Justice Amick is a senior telecommunications journalism major and writes “Pencil Shavings" for the Daily News. Her views do not necessarily agree with those of the newspaper. Write to Justice at jramick.
I grew up in a town about 20 minutes south of Indianapolis in Greenwood, Indiana. I went to Center Grove High School. , the diversity rate there as of the 2015-2016 school year, the year I graduated, was 11 percent.
So of course, I stood out as a woman of color.
I was a hot pink dot on a blank white canvas walking the halls of that school.
I always felt different, like I didn’t fit in.
I started attending the school as a kindergartener with my wide and fluffy afro that all of my friends wanted to touch. People said all the time when we were kids that they loved it, that it was so fluffy, that they wished they could have “black girl hair.”
But then we got older, and those compliments started to go away.
My skin color, and in turn my hair, started to get on my nerves.
I stood out from almost 90 percent of the community. Some days this was empowering, but most days it bothered me.
If you were to ask me why I started relaxing my hair at the age of eight, stripping it down with chemicals in attempt to make it straight and sleek, I would have responded simply with: Because I wanted to.
Ask me now, and I’ll tell you the truth, something that took me awhile to understand. I didn’t want to be different anymore.
It was easier to blend in.
I wouldn’t stick out so much in photos. All of my white girlfriends and I could all actually do our hair the same way for once.
When I got to middle school, I focused on different things, like maybe for once a boy would like me if my hair looked like everyone else's.
Looking back, it honestly astounds me that I thought changing my natural curly hair to straight was going to fix all of my problems. But boy, did I try. I tried for seven years to be exact.
Then I woke up one day my sophomore year of high school, put my clothes on and shuffled to the bathroom. I looked in the mirror with one side of my hair a curly mess and the other half haphazardly straight, and I realized was tired.
I did not want to wait for my iron to heat up, section my hair out into a million pieces and then go to work straightening it for another hour. I didn’t want to go in for another four hour session next week to keep the relaxing process in place. I wanted to sleep in, to stop having to get up early and slave away to reach this perfection I quickly realized was not real.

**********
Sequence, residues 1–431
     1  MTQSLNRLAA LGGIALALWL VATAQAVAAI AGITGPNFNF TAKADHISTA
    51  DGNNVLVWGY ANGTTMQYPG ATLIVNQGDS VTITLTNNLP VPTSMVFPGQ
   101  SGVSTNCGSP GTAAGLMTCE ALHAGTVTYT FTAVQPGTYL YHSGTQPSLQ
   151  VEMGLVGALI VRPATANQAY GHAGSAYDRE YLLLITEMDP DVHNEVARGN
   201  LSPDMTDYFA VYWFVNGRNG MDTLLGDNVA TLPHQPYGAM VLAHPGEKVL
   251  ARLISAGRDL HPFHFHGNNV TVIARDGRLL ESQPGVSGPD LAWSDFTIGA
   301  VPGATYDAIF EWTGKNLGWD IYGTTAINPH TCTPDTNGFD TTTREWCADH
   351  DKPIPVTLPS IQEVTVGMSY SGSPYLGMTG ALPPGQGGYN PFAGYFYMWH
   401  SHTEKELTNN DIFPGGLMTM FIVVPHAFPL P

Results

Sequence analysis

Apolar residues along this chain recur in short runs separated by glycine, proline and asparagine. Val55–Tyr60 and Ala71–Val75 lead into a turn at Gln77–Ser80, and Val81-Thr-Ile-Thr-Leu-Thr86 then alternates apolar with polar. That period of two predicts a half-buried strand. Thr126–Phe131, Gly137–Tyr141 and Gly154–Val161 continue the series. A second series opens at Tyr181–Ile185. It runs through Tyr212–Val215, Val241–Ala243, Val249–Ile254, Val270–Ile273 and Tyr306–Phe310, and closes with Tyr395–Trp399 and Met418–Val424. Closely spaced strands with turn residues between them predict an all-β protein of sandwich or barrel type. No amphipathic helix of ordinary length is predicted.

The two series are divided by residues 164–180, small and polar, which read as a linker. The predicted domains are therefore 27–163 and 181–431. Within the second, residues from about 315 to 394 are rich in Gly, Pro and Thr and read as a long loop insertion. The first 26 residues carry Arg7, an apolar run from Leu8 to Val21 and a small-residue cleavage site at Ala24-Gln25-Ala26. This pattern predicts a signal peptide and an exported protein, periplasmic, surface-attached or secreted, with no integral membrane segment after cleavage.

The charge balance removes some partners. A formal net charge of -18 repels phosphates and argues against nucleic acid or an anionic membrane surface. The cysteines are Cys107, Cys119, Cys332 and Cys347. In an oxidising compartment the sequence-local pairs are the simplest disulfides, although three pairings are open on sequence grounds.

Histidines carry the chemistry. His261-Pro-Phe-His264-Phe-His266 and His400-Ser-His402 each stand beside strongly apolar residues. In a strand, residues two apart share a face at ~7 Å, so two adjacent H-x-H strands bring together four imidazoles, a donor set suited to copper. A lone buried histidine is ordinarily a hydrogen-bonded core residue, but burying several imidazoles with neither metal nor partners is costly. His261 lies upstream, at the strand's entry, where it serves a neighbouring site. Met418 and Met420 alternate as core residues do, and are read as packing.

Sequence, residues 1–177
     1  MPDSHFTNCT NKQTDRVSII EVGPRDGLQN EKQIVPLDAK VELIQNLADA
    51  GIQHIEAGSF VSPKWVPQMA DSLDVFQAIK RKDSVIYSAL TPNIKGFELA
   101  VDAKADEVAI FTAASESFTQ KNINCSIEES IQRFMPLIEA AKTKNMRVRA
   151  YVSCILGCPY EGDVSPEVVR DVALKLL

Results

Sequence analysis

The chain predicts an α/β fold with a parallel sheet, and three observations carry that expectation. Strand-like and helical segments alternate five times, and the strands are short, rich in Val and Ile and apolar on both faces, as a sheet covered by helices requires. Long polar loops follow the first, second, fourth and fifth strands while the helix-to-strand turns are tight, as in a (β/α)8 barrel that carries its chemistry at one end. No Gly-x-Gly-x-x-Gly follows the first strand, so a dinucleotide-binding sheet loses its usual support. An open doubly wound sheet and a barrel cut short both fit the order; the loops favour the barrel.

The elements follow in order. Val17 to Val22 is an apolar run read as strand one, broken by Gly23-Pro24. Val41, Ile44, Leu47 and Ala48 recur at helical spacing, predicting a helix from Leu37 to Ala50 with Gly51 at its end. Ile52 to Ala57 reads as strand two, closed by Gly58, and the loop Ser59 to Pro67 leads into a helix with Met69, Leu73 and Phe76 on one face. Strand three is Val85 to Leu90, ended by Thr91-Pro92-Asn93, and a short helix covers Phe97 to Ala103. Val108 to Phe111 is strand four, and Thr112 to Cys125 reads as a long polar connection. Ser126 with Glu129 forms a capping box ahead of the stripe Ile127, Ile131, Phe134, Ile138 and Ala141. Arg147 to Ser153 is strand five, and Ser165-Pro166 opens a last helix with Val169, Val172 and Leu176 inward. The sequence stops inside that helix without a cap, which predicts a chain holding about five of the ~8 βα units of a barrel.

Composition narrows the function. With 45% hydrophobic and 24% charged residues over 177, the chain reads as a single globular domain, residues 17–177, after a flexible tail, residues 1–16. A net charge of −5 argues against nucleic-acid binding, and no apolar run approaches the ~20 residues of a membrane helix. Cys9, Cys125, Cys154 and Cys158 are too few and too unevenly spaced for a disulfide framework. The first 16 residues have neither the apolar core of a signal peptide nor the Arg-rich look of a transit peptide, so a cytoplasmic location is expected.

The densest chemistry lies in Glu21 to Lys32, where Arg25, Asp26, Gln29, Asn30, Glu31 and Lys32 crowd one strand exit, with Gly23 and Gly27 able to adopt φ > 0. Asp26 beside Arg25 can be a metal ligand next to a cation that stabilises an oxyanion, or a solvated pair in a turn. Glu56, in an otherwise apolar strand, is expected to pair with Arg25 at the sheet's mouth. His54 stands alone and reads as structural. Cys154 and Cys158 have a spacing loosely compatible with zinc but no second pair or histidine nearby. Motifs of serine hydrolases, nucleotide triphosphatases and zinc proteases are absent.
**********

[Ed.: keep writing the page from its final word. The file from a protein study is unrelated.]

I did not want to put in the effort anymore. I threw my hot iron under the sink that morning, grabbed a hair tie, threw my hair up in a semblance of a ponytail and walked out of my bathroom.
By walking out, I embraced myself as I was.
I love my hair now, wild and unruly. It goes in about 1,000 different directions when I wake up and turns into a giant fur ball if the humidity is high that day. I get horrible knots in it if I don’t brush it everyday that literally make my arms shake after I finally brush it out.
It’s sensational. It’s different. It’s unique.
My hair is me.
That’s why I’m chopped it off. Ten inches to be exact.
A movie came out on Netflix recently called Nappily Ever After, and it was like I was in a time portal going back to the part of my life where I constantly ruined my hair.
I was the main character, Violet Jones. The idea that she needed her hair to be slick and straight so as to feel confident and perfect — that hit home. Her hair was this integral part of her identity and without it, she was no one.
When she finally allowed herself to be seen outside of her perfect hair by shaving it all off, she was able to find out a lot about herself and truly become the woman she wanted to be.
While watching the movie, I was reminded how refreshing it is to find yourself again. The day I allowed myself to unwind, to let my hair grow and change, is one I’ll never forget.
I had found myself again; I’d never felt more free. It may sound cheesy, but it’s completely true. Without that moment where I finally said, “There is more, and I’m going to find it,” I wouldn’t be who I am today.
I’m young. I’m hot. I’m motivated. I’m confident. I’m killing the game and taking names. That’s why the idea of me chopping my hair off and allowing it to be refreshed and revitalized for the first time in a couple of years wasn’t scary. It was exhilarating.
This type of change and growth is what allows us all to try and figure out who we want to be by the time we leave our parents and have to be real adults. Some people find themselves by doing something others consider drastic, like dropping everything for a year and backpacking Europe. Others opt for something simple, like trying a new food every day or going out with someone who is not their type.
Ever since the day I let my hair go natural, I’ve tried to find myself in a different way each year. One year, I did yoga four times a week - which I still do - and it allowed me to appreciate not only myself, but my body as well. Another year, I read more than 237 books to try and find one of the greatest stories ever told, to try and reignite my imagination.
This year’s choice was the giant chop. A rebirth of sorts. I’m looking to find myself in the uncharted waters of beauty and strength — a place that is hard for almost every women to travel — to ask the hard questions and find exactly what makes me beautiful.
With or without my hair, I am absolutely everything I want to be and more.